With Twitter, Ignorance Is Not Bliss

Reading time ( words)

I guess you know that you’re getting old when you refuse (with extreme prejudice) to learn about new things. People of my age seem to be thrilled by the fact that they don’t know much about social media, much less Twitter. I can’t count how many times I have heard someone gleefully say something like, “Tweeting, or tweeter or whatever the hell it’s called, I don’t know what it is. I don’t know how to Twitter and I just don’t see any reason to get involved with any of that. I just don’t know how that is going to help my business.”

In many cases these are the same well-intentioned people who rue the fact that there are so few young people in our industry today.

Well, guess what? In this day and age, none of us can afford this kind of calculated ignorance. We do not have the luxury of completely rejecting any part of social media communications. In this era where doing business has become more and more complicated, we just cannot risk overlooking any venue that can help us to do a better job of getting our company’s story out there to our customers and would-be customers.

Think about how we sound to the young people we’re desperately trying to lure into our industry when we say things like, “Social media is a passing fad that I have no intention of being a part of.” Or “I have never Tweeted, don’t even know how to do it, and have no desire to ever learn anything about it.”

Well, if you want some insight into how you sound to young people, let me refresh your memory and take you back to the dark ages when we were kids. Remember when your old man told you, “What is that crap you’re listening to [any band from The Beatles to the Rolling Stones to Devo or Creedence Clearwater Revival]? In my day, we had Sinatra and the big bands. Now that was real music!”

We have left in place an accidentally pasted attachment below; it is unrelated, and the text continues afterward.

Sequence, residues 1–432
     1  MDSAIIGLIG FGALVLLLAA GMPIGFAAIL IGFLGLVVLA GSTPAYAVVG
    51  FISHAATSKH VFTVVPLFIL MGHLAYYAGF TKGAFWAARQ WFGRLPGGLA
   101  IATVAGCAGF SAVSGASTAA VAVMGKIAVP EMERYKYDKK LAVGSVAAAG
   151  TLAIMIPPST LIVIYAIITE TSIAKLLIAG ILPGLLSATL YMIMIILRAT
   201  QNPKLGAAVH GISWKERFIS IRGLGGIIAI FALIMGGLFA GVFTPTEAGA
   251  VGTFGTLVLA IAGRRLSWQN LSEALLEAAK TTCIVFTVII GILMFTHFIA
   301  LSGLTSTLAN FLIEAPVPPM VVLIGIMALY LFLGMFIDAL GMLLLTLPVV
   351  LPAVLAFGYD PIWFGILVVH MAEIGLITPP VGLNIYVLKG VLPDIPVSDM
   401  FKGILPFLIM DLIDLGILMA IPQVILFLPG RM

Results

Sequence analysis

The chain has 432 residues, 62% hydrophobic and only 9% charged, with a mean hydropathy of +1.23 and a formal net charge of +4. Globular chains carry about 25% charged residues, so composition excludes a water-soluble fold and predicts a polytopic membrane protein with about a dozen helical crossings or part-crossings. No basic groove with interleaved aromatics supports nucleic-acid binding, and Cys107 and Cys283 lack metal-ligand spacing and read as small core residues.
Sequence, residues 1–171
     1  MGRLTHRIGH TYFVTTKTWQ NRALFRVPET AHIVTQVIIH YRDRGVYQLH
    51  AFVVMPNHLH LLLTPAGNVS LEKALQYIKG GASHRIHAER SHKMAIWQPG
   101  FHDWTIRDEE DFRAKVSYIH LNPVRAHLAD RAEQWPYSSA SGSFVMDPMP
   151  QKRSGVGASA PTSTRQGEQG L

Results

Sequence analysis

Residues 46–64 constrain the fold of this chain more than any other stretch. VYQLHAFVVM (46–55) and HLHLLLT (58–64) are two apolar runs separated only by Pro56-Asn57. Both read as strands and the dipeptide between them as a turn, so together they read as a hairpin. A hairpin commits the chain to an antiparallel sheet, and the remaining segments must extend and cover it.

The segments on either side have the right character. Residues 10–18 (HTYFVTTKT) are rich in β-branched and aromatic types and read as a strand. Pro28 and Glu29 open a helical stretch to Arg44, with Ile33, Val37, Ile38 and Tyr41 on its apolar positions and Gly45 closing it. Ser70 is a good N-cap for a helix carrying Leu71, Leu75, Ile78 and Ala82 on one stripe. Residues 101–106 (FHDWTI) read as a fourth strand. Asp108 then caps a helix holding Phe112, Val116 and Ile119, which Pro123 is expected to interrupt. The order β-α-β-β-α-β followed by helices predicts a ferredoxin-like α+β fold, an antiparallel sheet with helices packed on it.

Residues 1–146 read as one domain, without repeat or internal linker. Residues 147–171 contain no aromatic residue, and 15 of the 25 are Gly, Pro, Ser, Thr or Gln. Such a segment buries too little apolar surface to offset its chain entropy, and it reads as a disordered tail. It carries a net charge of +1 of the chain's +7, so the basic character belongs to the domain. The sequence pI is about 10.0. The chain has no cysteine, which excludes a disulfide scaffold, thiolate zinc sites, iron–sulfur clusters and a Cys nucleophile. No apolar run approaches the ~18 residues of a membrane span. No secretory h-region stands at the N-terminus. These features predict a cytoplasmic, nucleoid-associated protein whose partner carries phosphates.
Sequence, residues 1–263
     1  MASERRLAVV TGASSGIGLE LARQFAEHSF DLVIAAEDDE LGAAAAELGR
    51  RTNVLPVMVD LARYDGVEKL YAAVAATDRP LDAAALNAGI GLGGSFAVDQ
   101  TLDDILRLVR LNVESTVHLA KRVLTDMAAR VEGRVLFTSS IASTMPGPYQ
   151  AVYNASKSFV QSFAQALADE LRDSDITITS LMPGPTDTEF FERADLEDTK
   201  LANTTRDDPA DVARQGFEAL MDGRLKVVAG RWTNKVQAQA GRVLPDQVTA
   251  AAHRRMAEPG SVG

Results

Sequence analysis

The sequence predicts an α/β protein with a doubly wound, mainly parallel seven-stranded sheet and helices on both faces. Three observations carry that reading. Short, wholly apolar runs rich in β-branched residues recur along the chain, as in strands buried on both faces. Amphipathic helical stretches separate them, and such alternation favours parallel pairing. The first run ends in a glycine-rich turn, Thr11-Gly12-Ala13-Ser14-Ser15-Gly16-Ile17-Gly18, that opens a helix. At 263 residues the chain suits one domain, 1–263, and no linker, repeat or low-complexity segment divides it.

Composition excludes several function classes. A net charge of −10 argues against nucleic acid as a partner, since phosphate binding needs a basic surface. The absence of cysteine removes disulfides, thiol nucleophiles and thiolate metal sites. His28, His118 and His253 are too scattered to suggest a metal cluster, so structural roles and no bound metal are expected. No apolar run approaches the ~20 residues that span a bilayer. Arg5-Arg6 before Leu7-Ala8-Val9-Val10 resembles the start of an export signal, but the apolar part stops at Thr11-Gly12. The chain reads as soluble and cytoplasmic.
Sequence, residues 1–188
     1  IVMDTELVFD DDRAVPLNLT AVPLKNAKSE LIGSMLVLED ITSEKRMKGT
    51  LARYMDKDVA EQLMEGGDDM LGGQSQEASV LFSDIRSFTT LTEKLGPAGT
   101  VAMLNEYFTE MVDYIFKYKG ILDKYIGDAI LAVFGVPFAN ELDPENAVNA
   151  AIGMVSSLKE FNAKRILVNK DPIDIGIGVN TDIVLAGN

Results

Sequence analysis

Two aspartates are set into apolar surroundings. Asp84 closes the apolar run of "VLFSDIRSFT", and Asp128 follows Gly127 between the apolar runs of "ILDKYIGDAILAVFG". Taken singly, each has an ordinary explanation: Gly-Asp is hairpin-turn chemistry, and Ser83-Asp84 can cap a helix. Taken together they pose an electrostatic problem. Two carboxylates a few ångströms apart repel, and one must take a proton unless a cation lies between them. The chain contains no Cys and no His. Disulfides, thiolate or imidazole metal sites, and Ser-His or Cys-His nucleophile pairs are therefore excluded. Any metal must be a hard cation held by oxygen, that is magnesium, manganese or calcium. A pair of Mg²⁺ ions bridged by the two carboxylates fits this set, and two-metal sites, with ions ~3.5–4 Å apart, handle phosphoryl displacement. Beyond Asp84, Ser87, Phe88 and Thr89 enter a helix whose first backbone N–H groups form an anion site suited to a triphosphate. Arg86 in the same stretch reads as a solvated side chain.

Remember what you thought of your dad, that narrow-minded so-and-so?

You may remember back in 1977 when Digital Equipment Corporation founder Ken Olsen proclaimed, “There is no reason for any individual to have a computer in his home.” Well, let’s get back to present time, because now you are the old man, and you sound as dumb as Ken Olsen.

If you are going to keep up in this world, and you plan on doing business in the 21st century, and if you plan on having customers who are 20-30 years younger than you, or you want young people to come work for you, then you had better open up that creaky old head of yours and start learning about this new-fangled jargon and what it can do for your company.

But you are not leaving this column without learning something. You will not go away without knowing exactly what Twitter is:

From the website Whatis.com

Twitter is a free social media networking (microblogging) service that allows registered members to broadcast short posts called Tweets. Twitter members can broadcast Tweets and follow other user’s Tweets by using multiple platforms and devices. Tweets and replies to Tweets can be sent by cell phone (text messages) desktop client or by posting at the Twitter.com web site.

…Anyone can follow anyone on publicTwitter. To weave tweets into a conversation thread or connect them to a general topic, members can add hashtags# to a key word in their post. The hashtag acts like a metatag is expressed as a key word.